Moving beyond a medical approach: what interdisciplinary perspectives on autism can teach us about the unacknowledged biases in medical research and funding structures
Dr Anna Stenning, Dr Amy Pearson, Sarinah O’Donoghue, Professor Kristien Hens chaired by Dr Greg Hollin & Professor Hanna Bertilsdotter-RosqvistZoom
The self-advocacy movement has drawn on personal narratives to reframe medical writings on autism. Yet these accounts are seldom taken into consideration in data-driven studies, even as they aim to address problems identified by the advocacy community itself.
Autism narratives offer an experiential perspective that offers an alternative conception of what ‘health’ may mean to autistic people themselves. We will address the ethical and practical need for new research methods and interventions that are based on critical collaborations between disciplines to explore unacknowledged biases in autism research.
We will consider the need for a shift away from a framework that considers social and communication differences as inherently pathological. As part of this, we will explore the funding and institutional frameworks that value traditional ways of producing and disseminating research. At another level, we will consider the reviewing processes that make it difficult to conduct truly innovative research that breaks with convention.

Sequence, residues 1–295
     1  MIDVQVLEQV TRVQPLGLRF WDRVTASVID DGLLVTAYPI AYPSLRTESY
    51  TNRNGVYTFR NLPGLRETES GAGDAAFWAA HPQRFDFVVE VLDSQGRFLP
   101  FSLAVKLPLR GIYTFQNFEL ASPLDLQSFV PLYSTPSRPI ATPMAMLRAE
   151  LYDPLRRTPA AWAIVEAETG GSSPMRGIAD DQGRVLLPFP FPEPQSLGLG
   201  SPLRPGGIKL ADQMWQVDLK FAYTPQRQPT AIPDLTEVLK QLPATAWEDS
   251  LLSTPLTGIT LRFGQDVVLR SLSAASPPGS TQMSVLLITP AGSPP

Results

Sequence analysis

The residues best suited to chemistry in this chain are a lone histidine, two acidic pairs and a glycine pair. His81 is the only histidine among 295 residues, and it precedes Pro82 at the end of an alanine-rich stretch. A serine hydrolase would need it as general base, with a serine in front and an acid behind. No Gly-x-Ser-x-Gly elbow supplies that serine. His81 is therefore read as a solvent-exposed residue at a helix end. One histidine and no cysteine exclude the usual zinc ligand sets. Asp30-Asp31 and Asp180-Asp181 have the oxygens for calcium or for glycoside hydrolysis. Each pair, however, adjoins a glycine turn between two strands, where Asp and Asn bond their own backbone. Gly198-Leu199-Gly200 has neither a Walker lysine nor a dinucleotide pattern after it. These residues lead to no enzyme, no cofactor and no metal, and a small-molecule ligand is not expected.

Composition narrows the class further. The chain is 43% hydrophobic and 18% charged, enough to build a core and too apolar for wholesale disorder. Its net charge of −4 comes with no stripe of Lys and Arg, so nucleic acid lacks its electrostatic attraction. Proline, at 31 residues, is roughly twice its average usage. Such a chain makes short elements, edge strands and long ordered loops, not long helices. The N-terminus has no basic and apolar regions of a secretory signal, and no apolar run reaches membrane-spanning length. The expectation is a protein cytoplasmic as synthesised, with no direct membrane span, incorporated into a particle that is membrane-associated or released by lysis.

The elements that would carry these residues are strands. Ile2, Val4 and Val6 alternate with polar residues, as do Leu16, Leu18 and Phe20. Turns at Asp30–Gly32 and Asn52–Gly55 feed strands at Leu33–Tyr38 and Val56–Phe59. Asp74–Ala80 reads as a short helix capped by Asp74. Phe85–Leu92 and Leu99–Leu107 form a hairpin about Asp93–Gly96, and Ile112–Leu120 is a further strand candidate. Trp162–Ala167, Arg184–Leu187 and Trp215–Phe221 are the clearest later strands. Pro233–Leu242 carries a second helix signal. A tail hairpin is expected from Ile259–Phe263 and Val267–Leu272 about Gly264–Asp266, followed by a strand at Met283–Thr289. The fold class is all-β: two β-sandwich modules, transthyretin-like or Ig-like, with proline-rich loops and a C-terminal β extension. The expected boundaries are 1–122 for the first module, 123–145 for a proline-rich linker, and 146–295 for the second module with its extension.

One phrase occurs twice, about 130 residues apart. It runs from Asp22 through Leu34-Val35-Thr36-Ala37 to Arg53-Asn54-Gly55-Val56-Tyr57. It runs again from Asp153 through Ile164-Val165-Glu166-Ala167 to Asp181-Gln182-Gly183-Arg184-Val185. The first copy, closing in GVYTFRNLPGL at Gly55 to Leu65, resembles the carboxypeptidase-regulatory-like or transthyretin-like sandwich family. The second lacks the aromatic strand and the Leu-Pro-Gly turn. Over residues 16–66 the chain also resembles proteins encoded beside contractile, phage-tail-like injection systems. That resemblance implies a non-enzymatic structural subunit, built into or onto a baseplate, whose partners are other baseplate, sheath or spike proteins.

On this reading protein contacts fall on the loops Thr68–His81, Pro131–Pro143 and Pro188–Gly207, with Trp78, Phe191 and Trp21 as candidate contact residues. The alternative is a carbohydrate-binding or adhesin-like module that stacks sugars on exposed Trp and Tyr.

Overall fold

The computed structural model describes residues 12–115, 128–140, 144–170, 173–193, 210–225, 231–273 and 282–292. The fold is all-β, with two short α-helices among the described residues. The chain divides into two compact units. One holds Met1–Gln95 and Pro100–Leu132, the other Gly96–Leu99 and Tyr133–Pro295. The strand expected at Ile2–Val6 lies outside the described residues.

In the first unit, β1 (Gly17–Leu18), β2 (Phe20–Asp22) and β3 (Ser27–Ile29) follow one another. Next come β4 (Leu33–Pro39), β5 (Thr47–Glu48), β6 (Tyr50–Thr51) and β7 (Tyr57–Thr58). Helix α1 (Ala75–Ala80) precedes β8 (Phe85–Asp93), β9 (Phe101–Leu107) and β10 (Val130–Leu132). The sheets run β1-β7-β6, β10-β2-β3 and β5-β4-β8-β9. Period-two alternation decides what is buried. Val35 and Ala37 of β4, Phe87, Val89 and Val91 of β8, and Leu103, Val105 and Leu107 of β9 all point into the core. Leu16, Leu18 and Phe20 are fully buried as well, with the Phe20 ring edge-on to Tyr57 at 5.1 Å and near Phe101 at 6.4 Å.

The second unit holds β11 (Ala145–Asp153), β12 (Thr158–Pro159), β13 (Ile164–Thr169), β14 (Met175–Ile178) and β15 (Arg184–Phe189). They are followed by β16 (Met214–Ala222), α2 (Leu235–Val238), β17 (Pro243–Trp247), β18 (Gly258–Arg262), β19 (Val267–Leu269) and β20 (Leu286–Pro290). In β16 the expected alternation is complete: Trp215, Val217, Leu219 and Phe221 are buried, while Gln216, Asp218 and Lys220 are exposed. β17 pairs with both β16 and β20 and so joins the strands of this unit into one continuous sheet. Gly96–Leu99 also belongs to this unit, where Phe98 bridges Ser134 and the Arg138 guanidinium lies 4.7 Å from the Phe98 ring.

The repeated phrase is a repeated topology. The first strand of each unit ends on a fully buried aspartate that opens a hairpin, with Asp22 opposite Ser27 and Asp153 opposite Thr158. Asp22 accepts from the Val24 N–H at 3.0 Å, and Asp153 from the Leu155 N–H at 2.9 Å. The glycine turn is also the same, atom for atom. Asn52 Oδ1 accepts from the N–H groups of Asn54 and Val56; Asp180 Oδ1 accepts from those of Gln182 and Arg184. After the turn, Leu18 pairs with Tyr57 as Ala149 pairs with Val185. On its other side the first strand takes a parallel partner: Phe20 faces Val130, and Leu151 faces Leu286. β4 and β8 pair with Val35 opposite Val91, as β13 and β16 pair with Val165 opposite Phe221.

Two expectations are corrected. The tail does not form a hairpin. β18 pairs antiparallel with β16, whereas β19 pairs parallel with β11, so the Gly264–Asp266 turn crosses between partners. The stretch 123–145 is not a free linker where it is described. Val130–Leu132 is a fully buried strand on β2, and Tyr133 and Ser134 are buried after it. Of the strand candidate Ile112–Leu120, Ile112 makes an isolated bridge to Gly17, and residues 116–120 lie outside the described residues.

Finally, we will address practical and theoretical challenges of this kind of work, with attention to the need to move beyond considering narratives as pathography or a direct transcription of experiences, and the implications for the kind of ‘data’ that is analysed.
This is a panel discussion between Dr Anna Stenning (convener, University of Leeds) and Dr Amy Pearson (University of Sunderland), Sarinah O’Donoghue (University of Aberdeen) and Professor Kristien Hens (University of Antwerp), chaired by Dr Greg Hollin (University of Leeds) and Professor Hanna Bertilsdotter-Rosqvist (University of Sodertörn, Stockholm). Following short presentations by the three speakers, the chairs will respond with observations and questions based on their own research and observations, thoughts on broader connections to the medical humanities, and then there will be a chance for the audience to ask questions in a live Q&A.